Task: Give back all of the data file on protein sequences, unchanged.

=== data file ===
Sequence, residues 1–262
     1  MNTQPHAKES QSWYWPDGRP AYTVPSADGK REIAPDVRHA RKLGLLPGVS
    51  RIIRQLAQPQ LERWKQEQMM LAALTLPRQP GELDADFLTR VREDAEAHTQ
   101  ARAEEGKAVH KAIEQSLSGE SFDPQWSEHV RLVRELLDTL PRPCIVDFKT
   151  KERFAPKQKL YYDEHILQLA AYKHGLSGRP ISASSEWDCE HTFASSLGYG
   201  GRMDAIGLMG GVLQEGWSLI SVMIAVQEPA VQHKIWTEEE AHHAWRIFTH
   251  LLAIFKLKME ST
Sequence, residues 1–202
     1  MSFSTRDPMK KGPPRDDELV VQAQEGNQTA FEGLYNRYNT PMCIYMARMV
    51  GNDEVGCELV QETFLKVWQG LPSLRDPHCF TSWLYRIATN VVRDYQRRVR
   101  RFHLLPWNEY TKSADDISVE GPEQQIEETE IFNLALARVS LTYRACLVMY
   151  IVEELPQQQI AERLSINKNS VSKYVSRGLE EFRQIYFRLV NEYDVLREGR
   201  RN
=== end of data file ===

Sequence, residues 1–262
     1  MNTQPHAKES QSWYWPDGRP AYTVPSADGK REIAPDVRHA RKLGLLPGVS
    51  RIIRQLAQPQ LERWKQEQMM LAALTLPRQP GELDADFLTR VREDAEAHTQ
   101  ARAEEGKAVH KAIEQSLSGE SFDPQWSEHV RLVRELLDTL PRPCIVDFKT
   151  KERFAPKQKL YYDEHILQLA AYKHGLSGRP ISASSEWDCE HTFASSLGYG
   201  GRMDAIGLMG GVLQEGWSLI SVMIAVQEPA VQHKIWTEEE AHHAWRIFTH
   251  LLAIFKLKME ST
Sequence, residues 1–202
     1  MSFSTRDPMK KGPPRDDELV VQAQEGNQTA FEGLYNRYNT PMCIYMARMV
    51  GNDEVGCELV QETFLKVWQG LPSLRDPHCF TSWLYRIATN VVRDYQRRVR
   101  RFHLLPWNEY TKSADDISVE GPEQQIEETE IFNLALARVS LTYRACLVMY
   151  IVEELPQQQI AERLSINKNS VSKYVSRGLE EFRQIYFRLV NEYDVLREGR
   201  RN